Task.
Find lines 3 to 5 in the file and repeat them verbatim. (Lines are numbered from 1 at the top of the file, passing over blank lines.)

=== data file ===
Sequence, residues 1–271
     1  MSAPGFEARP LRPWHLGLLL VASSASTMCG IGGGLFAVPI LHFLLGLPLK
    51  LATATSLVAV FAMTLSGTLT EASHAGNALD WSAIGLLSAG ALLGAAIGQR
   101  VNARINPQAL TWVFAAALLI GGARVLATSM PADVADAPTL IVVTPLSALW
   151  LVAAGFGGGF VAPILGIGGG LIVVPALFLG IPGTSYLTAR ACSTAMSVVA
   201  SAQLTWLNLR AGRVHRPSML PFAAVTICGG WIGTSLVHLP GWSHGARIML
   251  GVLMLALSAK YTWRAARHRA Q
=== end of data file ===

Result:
    51  LATATSLVAV FAMTLSGTLT EASHAGNALD WSAIGLLSAG ALLGAAIGQR
   101  VNARINPQAL TWVFAAALLI GGARVLATSM PADVADAPTL IVVTPLSALW
   151  LVAAGFGGGF VAPILGIGGG LIVVPALFLG IPGTSYLTAR ACSTAMSVVA